Bank of America agreed to pay $16.65 billion to end investigations into mortgage securities that it sold in the run-up to the financial crisis.» Read More
After a string of regulatory mishaps including loose oversight of money-laundering controls, JPM is taking no chances.
Hedge funds and other Wall Street firms have used an unlikely counselor for the past year: a former top economist for President Obama.
Take a look at some of Friday's midday movers:
The March payrolls missed Wall Street's estimates, but the jobs market is not as bad as we thought it was.
March's jobs report was strong enough to show an improving hiring picture but soft enough to keep the Fed from moving quicker to reduce monetary stimulus.
Job creation returned to form in March as companies shook off the winter blues and started hiring again.
The Justice Department is investigating high-speed trading for possible insider trading, Attorney General Eric Holder tells lawmakers.
Some of the names on the move ahead of the open.
Happy Friday, and welcome to the Morning Six-Pack's monthly nonfarm payrolls special edition!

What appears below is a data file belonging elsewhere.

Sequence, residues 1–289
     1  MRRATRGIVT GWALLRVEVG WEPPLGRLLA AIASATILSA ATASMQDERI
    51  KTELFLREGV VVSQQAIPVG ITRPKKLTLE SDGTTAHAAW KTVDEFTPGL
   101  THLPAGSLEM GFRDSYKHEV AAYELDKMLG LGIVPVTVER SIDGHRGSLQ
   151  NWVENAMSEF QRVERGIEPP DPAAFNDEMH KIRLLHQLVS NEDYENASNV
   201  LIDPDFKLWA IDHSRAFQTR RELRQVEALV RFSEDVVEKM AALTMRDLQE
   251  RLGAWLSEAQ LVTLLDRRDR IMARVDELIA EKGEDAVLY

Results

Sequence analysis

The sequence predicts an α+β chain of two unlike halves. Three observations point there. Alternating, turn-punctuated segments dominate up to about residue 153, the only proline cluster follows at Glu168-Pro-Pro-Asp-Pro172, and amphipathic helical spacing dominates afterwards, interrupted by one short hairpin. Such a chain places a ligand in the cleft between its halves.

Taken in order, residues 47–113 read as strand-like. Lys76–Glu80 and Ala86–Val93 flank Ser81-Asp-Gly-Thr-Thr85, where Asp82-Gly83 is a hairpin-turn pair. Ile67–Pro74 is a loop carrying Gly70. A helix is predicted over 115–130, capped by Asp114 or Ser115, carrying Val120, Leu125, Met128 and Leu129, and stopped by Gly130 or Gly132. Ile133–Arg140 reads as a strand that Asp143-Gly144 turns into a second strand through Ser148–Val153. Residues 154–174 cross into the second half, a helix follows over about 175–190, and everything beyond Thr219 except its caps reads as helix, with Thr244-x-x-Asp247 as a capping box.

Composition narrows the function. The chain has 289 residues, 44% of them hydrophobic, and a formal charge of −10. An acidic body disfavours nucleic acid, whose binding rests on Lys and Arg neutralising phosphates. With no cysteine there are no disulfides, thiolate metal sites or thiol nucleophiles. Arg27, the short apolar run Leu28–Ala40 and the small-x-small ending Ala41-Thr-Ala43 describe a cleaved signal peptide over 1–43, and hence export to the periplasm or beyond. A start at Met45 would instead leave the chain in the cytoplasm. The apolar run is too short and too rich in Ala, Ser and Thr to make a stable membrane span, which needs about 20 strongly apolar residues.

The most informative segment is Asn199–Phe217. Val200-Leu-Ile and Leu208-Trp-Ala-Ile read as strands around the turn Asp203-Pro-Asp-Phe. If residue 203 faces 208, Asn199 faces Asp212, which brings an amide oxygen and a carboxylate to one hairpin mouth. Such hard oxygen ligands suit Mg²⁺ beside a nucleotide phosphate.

Bank of America is close to settling with a U.S. regulator over the sale of services sold as add-ons to credit cards.
Several of the biggest investors in Allianz are pressing the German insurer to step up oversight of its California asset management unit Pimco.
In addressing high-frequency trading, don't expect regulators to do anything radical anytime soon.
Check out which companies are making headlines after the bell Thursday: BofA, Micron, Global Payments
Employers most likely increased hiring in March, but maybe not as much as some traders would like to see.
Economists expect to see 200,000 jobs created in March, yet there is more negative anecdotal labor-related data for the month than positive.
Large private equity firm Hellman & Friedman hopes to raise around $8.9 billion for a new investment fund starting in May, according to Bloomberg.
In spite of relentless global uncertainty, the IPO deluge continues and markets are extending their rally.
At a time when bitcoin prices are falling sharply, at least one cryptocurrency advocate thinks the long-term direction is up—way up.
Renowned investor Charles Schwab on Thursday said high-frequency trading undermines fairness in the stock market and erodes investor confidence.
While it would be understandable if Bill Gross was mourning his firm's results, the Pimco founder took time out to rue the demise of his pet cat.
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